Deb Eastwood, the founder of Suddenly Single Coaching, is a powerful and loving Divorce Recovery Coach who works directly with women who are ready to create a new life. You can dream of the life you want, and she can help you achieve it through tools with which her clients begin to see changes immediately. Click here now to schedule a 25-minute complimentary coaching call.

4. Acceptance Is an Act of Love

“I believe where there is love there IS a way.

However, love requires loving thoughts, loving words, and loving actions toward our own self first and then toward everyone and everything else. In every moment and every circumstance we can take a moment to breathe, not automatically react, and quietly ask ourself: ‘What would love do now?’”

Dr. Erica Goodstone is a Love Mentor and Relationship Healer helping men and women heal their bodies and their relationships through love. You can follow her blog on YourTango or her website.

5. Self-Acceptance Is the Path to Happiness

“We’ll only learn to stress less and find true happiness when we stop judging others, and worse, ourselves! We are not our limitations or labels. We’re not even just our weaknesses or strengths. We’re complex in our variety. Yet we’re our own worst enemy.

So stop classifying and search for connection, and start with yourself first.”

Kathryn Ramsperger is a coach who gets people unstuck. You can find out more about Kathryn and her book (including a complimentary sample chapter!) about loving through prejudice and labels at

Should I Be Anxious That I’m Anxious?

6. Acceptance Is a Power Move

“An effective way of dealing with anxiety is by accepting your anxious thoughts. Next time you feel overwhelmed with anxiety try distancing yourself from the anxiety by allowing yourself to just notice it. It goes something like this:

‘I’ve noticed I’m now feeling anxiety because of XX.’

By noticing why you’re feeling what you’re feeling, and accepting your anxious thought as would an outsider, you’ll be reducing the power it has over you.”

Leigh Norén is a sex-positive sexologist and counsellor who offers individual and couples counseling regarding difficulties in relationships and sexual problems. To book a free consultation, contact her at

7. Acceptance Opens the Door to Progress

“When we consciously and deliberately release judgments and assignments of rightness and wrongness, we begin to step into the space of allowance of what is. And, beautiful, when we relax into allowance, stress, anxiety, and all of the unknown ‘what ifs’ dissipate.”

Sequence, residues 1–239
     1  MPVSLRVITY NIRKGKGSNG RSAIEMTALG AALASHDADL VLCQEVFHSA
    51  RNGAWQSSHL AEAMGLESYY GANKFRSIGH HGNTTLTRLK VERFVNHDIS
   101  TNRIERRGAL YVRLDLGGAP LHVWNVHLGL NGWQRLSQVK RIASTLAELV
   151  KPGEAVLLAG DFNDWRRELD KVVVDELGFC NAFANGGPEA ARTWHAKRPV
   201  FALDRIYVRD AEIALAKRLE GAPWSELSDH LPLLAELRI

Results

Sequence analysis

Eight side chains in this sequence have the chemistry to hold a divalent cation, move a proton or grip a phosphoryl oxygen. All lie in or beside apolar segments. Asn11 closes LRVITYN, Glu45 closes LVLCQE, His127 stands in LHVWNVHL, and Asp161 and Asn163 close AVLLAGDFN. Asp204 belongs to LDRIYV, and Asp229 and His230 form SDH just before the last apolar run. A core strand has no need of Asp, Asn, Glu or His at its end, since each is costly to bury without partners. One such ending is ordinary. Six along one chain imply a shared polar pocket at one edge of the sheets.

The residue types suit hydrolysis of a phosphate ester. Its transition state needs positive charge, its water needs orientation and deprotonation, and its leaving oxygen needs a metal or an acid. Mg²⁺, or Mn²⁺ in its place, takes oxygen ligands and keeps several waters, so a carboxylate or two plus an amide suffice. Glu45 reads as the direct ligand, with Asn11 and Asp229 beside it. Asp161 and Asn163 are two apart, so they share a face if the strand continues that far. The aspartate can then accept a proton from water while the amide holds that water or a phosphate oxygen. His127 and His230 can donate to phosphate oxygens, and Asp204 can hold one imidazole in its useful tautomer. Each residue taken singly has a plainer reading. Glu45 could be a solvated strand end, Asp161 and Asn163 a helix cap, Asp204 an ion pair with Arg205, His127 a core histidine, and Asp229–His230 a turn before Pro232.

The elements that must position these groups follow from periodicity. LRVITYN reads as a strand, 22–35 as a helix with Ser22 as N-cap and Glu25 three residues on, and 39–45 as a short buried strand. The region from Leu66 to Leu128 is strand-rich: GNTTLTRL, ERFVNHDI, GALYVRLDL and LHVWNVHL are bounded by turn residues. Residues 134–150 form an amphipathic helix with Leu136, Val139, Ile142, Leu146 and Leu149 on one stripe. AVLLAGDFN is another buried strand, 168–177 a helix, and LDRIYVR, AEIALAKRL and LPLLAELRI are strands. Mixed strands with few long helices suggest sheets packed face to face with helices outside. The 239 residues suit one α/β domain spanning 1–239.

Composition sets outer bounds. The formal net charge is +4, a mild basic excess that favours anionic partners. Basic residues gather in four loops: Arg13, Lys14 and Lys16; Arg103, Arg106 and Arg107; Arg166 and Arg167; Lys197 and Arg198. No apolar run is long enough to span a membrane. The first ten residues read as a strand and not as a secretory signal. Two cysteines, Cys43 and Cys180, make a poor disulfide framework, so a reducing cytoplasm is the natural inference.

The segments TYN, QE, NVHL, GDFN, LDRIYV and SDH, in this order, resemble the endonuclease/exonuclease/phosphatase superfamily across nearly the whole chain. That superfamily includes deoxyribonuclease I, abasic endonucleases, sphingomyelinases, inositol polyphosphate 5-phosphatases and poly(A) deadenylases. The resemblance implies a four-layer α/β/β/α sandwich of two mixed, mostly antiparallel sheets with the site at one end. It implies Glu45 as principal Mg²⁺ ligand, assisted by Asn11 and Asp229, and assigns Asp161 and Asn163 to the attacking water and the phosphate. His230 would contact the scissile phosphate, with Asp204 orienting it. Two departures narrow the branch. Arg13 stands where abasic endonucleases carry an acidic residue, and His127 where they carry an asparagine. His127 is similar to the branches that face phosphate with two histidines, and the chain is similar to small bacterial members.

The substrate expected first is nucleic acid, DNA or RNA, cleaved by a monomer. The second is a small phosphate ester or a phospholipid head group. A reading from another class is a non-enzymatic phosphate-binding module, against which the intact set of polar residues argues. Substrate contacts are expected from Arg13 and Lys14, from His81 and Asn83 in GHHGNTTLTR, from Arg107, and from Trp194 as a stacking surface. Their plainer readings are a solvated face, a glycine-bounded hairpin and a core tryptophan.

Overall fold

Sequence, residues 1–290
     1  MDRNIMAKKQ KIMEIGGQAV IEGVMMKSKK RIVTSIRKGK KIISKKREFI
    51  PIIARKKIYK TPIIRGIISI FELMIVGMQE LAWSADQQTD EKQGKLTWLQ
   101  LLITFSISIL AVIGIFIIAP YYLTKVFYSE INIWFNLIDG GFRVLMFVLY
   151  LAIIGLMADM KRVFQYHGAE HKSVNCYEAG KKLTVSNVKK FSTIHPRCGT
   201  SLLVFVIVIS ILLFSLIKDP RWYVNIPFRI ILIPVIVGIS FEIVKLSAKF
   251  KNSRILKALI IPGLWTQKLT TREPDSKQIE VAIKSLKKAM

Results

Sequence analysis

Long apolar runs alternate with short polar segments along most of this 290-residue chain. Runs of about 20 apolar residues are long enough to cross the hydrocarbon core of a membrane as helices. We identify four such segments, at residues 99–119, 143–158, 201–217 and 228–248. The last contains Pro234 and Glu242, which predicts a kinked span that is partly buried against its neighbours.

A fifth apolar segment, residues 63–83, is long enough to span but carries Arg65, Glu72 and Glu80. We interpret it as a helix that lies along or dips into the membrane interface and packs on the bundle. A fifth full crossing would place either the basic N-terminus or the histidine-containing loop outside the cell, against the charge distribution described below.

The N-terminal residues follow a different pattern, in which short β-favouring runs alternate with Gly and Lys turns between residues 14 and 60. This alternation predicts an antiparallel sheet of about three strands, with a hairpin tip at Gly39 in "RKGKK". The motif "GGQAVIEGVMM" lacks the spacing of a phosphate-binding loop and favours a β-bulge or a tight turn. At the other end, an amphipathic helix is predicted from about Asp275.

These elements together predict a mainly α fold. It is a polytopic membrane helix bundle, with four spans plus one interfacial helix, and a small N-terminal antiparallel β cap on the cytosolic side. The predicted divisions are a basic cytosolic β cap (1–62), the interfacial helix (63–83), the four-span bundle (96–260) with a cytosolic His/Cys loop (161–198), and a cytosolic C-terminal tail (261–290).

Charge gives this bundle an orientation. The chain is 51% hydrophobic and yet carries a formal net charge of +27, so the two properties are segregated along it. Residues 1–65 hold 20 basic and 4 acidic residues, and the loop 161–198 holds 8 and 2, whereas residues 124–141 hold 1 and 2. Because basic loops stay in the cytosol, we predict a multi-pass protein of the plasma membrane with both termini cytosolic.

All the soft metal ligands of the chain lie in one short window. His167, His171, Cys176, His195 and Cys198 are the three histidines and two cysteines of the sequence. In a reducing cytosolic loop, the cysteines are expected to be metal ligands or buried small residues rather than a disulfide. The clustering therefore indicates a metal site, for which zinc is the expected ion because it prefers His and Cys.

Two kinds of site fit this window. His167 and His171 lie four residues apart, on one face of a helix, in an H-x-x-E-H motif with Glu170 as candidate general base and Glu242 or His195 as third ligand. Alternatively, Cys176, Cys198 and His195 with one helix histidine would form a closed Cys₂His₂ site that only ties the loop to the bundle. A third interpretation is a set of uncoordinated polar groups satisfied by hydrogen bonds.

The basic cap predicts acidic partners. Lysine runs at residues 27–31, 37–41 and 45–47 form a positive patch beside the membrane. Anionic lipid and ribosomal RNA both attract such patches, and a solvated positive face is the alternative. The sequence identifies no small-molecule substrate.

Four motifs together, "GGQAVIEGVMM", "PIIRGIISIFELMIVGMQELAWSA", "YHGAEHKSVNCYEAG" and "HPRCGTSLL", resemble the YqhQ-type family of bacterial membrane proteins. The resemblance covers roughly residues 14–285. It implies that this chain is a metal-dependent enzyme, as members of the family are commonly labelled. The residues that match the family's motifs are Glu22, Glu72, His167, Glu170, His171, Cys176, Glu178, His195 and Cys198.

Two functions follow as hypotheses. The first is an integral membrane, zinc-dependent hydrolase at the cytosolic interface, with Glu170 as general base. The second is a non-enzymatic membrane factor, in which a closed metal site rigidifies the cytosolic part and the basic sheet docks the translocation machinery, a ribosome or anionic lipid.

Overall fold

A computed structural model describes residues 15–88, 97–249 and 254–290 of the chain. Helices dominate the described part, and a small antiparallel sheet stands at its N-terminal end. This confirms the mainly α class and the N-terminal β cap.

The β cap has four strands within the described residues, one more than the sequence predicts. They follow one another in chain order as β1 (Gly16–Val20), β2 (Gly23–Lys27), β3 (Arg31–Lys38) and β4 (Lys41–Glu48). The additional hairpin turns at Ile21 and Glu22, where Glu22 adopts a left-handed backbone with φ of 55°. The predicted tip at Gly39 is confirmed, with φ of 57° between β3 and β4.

LeNae Goolsby is an intuitive empowerment life coach, spiritual catalyst & oracle of the pragmatic persuasion. You can follow her blog on YourTango or her website

8. It’s the Foundation of Love

Remember, there are no mistakes, we’re here to learn. We don’t have to LIKE it, and acceptance doesn’t mean ‘resignation’ to what’s happening.

But allowing and accepting everything for what it is IS the key. That’s what opens the floodgates, relieves the pain, and lets things flow!! Hint, hint: It’s called ‘Unconditional Love’.”

Nancy Lee Bentley is a Wholistic Health Expert, Speaker and Coach/Mentor with a ‘Get Real’ Recipe for Food, Health and Wholeness at

9. When You Change Your Response, Your Perspective Shifts

“We all deal with change differently, some is chosen change, some is unchosen change…but it is how we respond that counts for stress management. Every experience is a good experience eventually!”

Patrick Williams is an internationally acclaimed coach and speaker. Learn more by reading Getting Naked: On Being Emotionally Transparent at the Right Time, the Right Place, and with the Right Person, which can be found on Dr. Pat Williams’s website.

10. Acceptance Is a Supreme Act of Trust

“’I trust you’ — saying that feels pretty good, right?

Trust feels like a core element to any good relationship; but look closely, because blind trust is the source of the trouble in all relationships. It’s a set-up for failure because there’s not one person alive who can be trusted for everything.

Instead, consider what you can trust people for — the good, bad and ugly. For example, I can trust my partner to always get us places a few minutes early or on time; he can trust me to be five minutes or so late, so he makes adjustments. If you look and see people (with your eyes wide open) and only trust them for what they can truly be counted on for, like by what their track record reflects, you’ll reduce stress and have a lot less anxiety.”

Wendy Newman is a media-celebrated author; dating and relationship expert. You can read a free chapter of her book, 121 First Dates, and learn more about how she can help you find love and stay in love by visiting her website today!

This guest article originally appeared on How Accepting The World (And Yourself!) Can Help You Manage Anxiety & Stress.

EDITOR’S NOTE: This article originally appeared on Psych Central does not make any profit from any book purchases, services, or otherwise made from this republished article.

Using Acceptance to Manage Anxiety and Stress

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APA Reference
Guest Author, P. (2018). Using Acceptance to Manage Anxiety and Stress. Psych Central. Retrieved on October 19, 2020, from
Scientifically Reviewed
Last updated: 8 Jul 2018 (Originally: 27 May 2017)
Last reviewed: By a member of our scientific advisory board on 8 Jul 2018
Published on Psych All rights reserved.